3. Pay bequests up to 1/3 of the remaining estate.
  4. The rest of the estate should be distributed according to shares described in shariyah.

The Distribution of the Estate of a Deceased Muslim According to the Qur’an

The specific details of how the wealth of the deceased should be distributed are given in Surah An-Nisaa, ayah (4:7-12 and 4:176).

 For men is a share of what parents and close relatives leave, and for women is a share of what the parents and close relatives leave, be it little or much – an obligatory share(7). And when [other] relatives and orphans and the needy are present at the [time of] division, then provide for them [something] out of it [i.e., the estate] and speak to them words of appropriate kindness (8). And let those [executors and guardians] fear [injustice] as if they [themselves] had left weak offspring behind and feared for them. So let them fear Allah and speak words of appropriate kindness (9). Indeed, those who devour the property of orphans unjustly are only consuming into their bellies fire. And they will be burned in a Blaze [i.e. Hellfire] (10). Allah instructs you concerning your children [i.e. their portions of inheritance]: for the male, what is equal to the share of two females. But if there are [only] daughters, two or more, for them is two thirds of one’s estate. (Literally, “that which is left.”). And if there is only one, for her is half. And for one’s parents, to each one of them is a sixth of his estate if he left children. But if he had no children, and the parents [alone] inherit for him, then for his mother is one third. And if he had brothers [and/or sisters], for his mother is a sixth, (Although the siblings themselves do not inherit in this case.) after any bequest he [may have] made or debt. Your parents or your children – you know not which of them, are nearest to you in benefit. [These shares are] an obligation [imposed] by Allah. Indeed, Allah is ever knowing and wise (11). And for you is half of what your wives leave if they have no child. But if they have a child, for you is one fourth of what they leave, after any bequest you [may have] made or debt. And if a man or woman leaves neither ascendants nor descendants but has a brother or a sister, then for each one is a sixth. But if they are more than two, they share a third, (these shares are divided equally between males and females), after any bequest which was made or debt, as long as there is no detriment [caused]. (This is a condition for any bequest. If it has been violated by the deceased, his bequest is not to be honored, or it may be adjusted by the executor). [This is] an ordinance from Allah, and Allah is knowing and fore bearing (12). These are the limits of Allah, and whosoever obeys Allah and His Messenger will be admitted by Him to gardens [in Paradise] under which rivers flow, abiding eternally therein; and that is the great attainment (13). And whosoever disobeys Allah and His Messenger, and transgresses His limits – He will put him into the Fire to abide eternally therein, and he will have a humiliating punishment (14)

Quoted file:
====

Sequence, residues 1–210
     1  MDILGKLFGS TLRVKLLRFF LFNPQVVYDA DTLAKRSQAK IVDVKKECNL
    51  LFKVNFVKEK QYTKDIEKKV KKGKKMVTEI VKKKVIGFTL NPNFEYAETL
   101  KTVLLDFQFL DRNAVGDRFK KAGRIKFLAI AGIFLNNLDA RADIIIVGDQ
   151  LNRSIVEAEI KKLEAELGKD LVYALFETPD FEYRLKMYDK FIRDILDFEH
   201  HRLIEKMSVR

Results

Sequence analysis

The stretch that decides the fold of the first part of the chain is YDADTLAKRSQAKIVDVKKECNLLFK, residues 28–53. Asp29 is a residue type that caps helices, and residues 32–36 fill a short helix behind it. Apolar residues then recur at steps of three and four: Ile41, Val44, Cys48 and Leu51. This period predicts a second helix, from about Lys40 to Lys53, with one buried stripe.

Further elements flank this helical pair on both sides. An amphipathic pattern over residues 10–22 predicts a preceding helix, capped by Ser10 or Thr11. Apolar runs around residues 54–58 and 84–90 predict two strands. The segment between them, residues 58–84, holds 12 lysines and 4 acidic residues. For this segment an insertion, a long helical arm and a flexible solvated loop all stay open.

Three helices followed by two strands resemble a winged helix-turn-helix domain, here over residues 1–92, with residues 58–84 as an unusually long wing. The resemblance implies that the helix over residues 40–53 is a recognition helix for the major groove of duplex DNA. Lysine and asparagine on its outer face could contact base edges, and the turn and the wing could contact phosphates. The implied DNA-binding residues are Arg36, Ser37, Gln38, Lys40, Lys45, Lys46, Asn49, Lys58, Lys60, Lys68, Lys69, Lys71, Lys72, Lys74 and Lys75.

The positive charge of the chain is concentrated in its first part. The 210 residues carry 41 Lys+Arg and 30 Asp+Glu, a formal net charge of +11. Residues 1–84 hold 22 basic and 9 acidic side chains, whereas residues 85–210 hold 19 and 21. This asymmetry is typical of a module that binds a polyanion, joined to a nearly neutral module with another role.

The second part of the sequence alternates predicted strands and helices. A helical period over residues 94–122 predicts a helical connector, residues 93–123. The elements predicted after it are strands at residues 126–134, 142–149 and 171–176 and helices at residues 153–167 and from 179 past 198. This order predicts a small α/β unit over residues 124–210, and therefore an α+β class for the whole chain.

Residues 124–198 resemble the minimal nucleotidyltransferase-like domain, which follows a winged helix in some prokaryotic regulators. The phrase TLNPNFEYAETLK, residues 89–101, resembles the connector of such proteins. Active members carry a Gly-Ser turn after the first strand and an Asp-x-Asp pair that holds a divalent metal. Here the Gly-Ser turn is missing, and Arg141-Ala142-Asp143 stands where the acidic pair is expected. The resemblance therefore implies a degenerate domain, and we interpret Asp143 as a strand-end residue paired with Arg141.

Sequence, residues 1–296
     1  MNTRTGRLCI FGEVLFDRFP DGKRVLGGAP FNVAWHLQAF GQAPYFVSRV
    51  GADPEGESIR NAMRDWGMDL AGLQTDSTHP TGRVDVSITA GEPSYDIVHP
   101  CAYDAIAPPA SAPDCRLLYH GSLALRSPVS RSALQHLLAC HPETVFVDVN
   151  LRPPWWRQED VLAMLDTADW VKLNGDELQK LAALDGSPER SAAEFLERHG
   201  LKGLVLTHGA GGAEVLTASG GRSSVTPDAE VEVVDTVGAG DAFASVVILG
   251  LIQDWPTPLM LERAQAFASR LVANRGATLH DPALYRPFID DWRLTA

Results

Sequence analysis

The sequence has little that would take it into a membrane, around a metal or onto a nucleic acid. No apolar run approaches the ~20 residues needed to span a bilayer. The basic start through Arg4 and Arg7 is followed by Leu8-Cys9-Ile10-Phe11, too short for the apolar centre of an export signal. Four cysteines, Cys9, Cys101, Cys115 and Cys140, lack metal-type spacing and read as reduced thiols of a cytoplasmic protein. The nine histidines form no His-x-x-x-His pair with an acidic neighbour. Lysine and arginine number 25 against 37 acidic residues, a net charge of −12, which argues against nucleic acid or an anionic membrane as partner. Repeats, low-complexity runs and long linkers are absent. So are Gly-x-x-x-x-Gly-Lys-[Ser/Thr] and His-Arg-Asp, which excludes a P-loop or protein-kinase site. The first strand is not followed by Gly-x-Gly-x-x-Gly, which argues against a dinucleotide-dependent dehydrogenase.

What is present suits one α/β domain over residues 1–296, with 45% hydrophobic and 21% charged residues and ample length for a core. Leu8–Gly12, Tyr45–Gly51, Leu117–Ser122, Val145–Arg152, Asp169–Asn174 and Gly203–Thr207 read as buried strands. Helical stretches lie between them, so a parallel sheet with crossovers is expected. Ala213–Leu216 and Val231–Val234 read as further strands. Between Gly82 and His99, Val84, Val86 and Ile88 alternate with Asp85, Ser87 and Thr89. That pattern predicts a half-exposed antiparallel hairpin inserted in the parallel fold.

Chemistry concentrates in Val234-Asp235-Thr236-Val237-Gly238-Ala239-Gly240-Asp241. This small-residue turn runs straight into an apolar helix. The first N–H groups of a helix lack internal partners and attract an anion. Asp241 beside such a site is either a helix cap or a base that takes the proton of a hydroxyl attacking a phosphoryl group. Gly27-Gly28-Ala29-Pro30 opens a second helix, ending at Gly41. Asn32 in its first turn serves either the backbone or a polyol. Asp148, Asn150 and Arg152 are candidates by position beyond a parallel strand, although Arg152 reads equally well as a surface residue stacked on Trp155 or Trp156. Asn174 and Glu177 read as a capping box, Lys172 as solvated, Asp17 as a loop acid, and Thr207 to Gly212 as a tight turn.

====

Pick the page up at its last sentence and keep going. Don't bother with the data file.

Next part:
Final Words

Keeping the above verses in mind and the precise commandments laid out by Allah (SWT), one realizes what a pathetic state of disobedience and ingratitude we as a Muslim ummah are in. This is especially the case when it comes to the inheritance of our sisters and daughters. Even ‘religious‘ people take advantage of these weak ones in their families and deny them their God-given right.

May Allah (SWT) guide us and help us fulfill His commandments (Ameen).